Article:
11h 30m CPDConference

Gold Coast Mental Health Conference

An Essential 2-Day Update for All Nurses and Other Healthcare Professionals

Gold Coast Mental Health Conference
Gold Coast


31 Oct - 1 Nov 2019
Oaks Calypso Plaza,
99 Griffith Street

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Why Attend

Do you work in a hospital, in primary care, or in the community? Do you regularly care for people with a concurrent mental illness? Even if you are highly experienced in your speciality, are you confident in your knowledge of common mental health conditions? Many people living with a mental illness will be admitted to hospital or enter a primary care clinic. Attend this conference to better understand the following:

  • Mythbusting borderline personality disorder
  • When trauma lingers – a look at PTSD
  • The unsavoury effects of antipsychotic medications
  • Your practical guide to taking a drug and alcohol history
  • How to reduce your level of unconscious bias
  • Discussing diet and exercise safely and much, much more...

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Day One

8:30 Registration for Day One

Deb Mooney

When Trauma Lingers…

Many of us experience trauma. It is not always typical traumatic events that can threaten our health and safety. Some of us may go on to further experience symptoms of post-traumatic stress or have a diagnosed post-traumatic stress disorder (PTSD). What if a patient in your care is experiencing this? Providing comprehensive mental health care that is considerate of a person’s holistic needs is essential if we are to prevent re-traumatisation while in hospital. This session considers practical approaches to supporting a person with PTSD to feel safe during a hospital stay. It includes:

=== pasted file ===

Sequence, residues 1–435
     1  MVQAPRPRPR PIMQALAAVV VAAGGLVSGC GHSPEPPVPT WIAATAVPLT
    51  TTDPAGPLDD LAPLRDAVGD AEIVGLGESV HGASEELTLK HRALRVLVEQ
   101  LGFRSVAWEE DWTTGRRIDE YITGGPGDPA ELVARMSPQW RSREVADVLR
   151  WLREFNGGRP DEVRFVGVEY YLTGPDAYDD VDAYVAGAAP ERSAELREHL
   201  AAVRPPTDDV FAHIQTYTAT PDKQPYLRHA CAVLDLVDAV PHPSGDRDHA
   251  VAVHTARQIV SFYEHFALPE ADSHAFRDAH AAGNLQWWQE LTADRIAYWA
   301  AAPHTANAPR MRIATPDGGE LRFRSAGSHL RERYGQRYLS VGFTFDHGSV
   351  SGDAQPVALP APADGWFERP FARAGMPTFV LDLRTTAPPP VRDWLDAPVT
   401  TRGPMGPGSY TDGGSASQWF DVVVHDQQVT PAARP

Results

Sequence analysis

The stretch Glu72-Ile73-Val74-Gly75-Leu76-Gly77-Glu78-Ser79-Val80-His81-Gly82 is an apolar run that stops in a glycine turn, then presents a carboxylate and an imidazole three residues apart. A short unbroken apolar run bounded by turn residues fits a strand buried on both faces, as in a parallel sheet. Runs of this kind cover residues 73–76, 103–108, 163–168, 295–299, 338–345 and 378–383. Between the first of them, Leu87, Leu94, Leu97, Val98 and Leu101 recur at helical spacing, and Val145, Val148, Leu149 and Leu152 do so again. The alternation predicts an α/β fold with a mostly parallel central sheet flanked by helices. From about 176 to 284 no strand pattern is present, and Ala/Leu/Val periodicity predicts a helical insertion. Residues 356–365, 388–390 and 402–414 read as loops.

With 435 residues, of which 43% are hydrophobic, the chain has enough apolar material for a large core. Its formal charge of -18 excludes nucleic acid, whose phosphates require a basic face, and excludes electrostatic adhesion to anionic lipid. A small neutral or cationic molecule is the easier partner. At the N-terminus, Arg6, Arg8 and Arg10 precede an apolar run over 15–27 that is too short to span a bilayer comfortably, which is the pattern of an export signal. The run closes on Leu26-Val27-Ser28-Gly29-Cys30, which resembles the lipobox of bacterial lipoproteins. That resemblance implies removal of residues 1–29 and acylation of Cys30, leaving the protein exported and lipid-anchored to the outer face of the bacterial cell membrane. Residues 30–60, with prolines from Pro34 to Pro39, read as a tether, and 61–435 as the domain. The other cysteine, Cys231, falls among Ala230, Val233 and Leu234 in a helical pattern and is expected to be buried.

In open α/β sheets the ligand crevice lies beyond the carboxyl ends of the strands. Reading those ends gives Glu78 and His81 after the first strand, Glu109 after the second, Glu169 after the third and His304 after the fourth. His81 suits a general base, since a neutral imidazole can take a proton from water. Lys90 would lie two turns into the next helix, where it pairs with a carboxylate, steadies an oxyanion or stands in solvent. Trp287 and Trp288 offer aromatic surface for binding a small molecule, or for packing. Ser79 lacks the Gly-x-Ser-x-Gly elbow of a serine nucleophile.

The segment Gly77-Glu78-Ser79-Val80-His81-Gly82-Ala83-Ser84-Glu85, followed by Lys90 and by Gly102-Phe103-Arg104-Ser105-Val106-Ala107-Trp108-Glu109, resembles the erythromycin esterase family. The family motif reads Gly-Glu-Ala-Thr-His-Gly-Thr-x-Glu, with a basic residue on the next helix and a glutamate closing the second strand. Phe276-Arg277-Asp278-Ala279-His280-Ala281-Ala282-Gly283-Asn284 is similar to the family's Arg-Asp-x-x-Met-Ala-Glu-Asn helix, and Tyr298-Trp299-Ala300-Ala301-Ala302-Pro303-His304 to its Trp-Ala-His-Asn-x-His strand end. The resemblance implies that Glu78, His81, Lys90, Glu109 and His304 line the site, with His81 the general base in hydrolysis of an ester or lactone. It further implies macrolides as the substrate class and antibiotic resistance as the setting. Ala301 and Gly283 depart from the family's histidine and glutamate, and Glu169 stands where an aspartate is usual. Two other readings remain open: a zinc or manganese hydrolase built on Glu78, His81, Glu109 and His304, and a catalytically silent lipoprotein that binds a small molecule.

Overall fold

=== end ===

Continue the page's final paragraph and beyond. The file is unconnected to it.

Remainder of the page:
• Recognize precursors to both ASD and PTSD
  • Recognize the early onset indicators
  • Understand the screening process
  • Evaluate assessment tools used in primary care settings
  • Understand what is involved in a comprehensive client assessment
  • Re-stabilize the distressed client
  • Elicit information from a deeply traumatized client
Karen-Ann Clarke

No Man’s Land: Mental Health and Stigma

Mental illness can be complex and, at times, unpredictable. With a public hungry for more information, how do we look behind the numbers and examine the real effects of mental health on the individual? Topics include:

  • Why so much stigma, shame, and embarrassment around mental illness versus physical illness?